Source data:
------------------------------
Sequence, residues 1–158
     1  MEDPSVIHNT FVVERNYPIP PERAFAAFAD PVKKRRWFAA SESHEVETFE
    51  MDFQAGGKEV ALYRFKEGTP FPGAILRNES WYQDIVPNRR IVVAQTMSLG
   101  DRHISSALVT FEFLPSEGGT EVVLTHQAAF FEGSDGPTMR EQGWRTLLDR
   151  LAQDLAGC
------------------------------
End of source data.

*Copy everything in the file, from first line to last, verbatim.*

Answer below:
Sequence, residues 1–158
     1  MEDPSVIHNT FVVERNYPIP PERAFAAFAD PVKKRRWFAA SESHEVETFE
    51  MDFQAGGKEV ALYRFKEGTP FPGAILRNES WYQDIVPNRR IVVAQTMSLG
   101  DRHISSALVT FEFLPSEGGT EVVLTHQAAF FEGSDGPTMR EQGWRTLLDR
   151  LAQDLAGC